Benefits of being an outsider

The estimated reading time for this post is 117 seconds

There was a very interesting articled in Wired Magazine a few years ago Accept Defeat: The Neuroscience of Screwing Up, and it helped me understand why some of my points of view were different from my peers. I used to think that just because I had a different cultural background was the cause of my difference, but apparently there is a whole reason why I grew apart from the rest and continue on that vector.

This article brings up the concept of curiosity in a new light for me in the method that asks whether one is interested in a new result that is discovered while searching for a different set of results. Because we are wired not only to ignore results for which we were not looking, but our memory is capable of deleting them immediately if we don’t have a mental cubby hole in which to store the new information.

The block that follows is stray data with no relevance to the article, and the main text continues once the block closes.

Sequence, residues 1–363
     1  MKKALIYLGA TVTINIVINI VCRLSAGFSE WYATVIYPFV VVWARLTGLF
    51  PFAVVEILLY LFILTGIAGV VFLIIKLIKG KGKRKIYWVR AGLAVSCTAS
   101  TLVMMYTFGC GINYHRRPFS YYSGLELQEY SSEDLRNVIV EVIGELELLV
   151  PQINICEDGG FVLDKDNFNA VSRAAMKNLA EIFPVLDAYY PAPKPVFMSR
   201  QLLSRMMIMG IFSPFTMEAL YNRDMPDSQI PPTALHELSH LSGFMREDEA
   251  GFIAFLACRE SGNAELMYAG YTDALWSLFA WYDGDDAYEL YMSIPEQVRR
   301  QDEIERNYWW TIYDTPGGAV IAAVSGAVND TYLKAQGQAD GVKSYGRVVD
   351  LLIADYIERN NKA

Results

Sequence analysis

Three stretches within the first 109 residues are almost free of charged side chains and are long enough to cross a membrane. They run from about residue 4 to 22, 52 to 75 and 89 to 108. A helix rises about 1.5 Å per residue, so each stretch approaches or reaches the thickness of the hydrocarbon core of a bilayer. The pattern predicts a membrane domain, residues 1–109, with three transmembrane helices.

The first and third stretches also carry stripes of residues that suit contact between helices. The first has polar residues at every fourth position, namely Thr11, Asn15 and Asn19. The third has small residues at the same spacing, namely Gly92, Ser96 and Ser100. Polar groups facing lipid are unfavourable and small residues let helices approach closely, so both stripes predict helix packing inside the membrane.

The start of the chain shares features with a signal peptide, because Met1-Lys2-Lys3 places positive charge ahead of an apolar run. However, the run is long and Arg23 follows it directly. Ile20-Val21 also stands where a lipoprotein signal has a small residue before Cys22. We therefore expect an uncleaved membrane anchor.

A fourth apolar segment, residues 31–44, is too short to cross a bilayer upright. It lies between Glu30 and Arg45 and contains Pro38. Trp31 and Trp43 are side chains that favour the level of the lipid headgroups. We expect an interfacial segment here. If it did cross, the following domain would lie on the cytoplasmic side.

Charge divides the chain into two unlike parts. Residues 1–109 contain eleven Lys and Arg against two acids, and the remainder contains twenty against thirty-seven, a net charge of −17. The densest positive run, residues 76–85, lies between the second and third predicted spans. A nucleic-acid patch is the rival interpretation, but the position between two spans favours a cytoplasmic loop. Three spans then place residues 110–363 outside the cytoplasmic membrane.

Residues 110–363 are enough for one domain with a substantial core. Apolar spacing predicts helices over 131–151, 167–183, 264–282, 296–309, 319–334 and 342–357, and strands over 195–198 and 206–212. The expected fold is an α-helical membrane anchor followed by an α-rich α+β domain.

The article continues that outsiders are very good at discovering the new because outsiders question the status quo, which sometimes is misinformation that hides the truth and even causes our minds to “delete” observations. One doesn’t have to be a social reject to become an outsider; one just needs to be from another group of specialists who speak different jargon. Then, as the various groups attempt to translate their own jargon to one another, status quo is put under a microscope, which gives way to questioning it.

I once brought this up to a friend of mine who is a CFO of a hospital, and asked me, “Why aren’t you a CEO already?” which made me feel special and that maybe I have something in me to be a great transcendental leader

0 Responses to “Benefits of being an outsider”


  • No Comments

Leave a Reply